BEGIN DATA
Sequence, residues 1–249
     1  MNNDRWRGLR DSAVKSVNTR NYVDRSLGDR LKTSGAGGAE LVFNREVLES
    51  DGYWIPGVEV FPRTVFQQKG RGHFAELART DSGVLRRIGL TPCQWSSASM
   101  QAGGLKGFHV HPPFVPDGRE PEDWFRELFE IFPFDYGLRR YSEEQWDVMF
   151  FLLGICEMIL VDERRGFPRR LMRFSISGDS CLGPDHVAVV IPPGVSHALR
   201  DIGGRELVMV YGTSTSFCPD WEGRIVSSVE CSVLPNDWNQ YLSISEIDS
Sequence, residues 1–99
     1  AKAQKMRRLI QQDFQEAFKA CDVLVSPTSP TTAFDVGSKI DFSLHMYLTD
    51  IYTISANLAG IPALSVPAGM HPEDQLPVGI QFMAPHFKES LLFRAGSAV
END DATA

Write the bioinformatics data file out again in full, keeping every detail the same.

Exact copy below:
Sequence, residues 1–249
     1  MNNDRWRGLR DSAVKSVNTR NYVDRSLGDR LKTSGAGGAE LVFNREVLES
    51  DGYWIPGVEV FPRTVFQQKG RGHFAELART DSGVLRRIGL TPCQWSSASM
   101  QAGGLKGFHV HPPFVPDGRE PEDWFRELFE IFPFDYGLRR YSEEQWDVMF
   151  FLLGICEMIL VDERRGFPRR LMRFSISGDS CLGPDHVAVV IPPGVSHALR
   201  DIGGRELVMV YGTSTSFCPD WEGRIVSSVE CSVLPNDWNQ YLSISEIDS
Sequence, residues 1–99
     1  AKAQKMRRLI QQDFQEAFKA CDVLVSPTSP TTAFDVGSKI DFSLHMYLTD
    51  IYTISANLAG IPALSVPAGM HPEDQLPVGI QFMAPHFKES LLFRAGSAV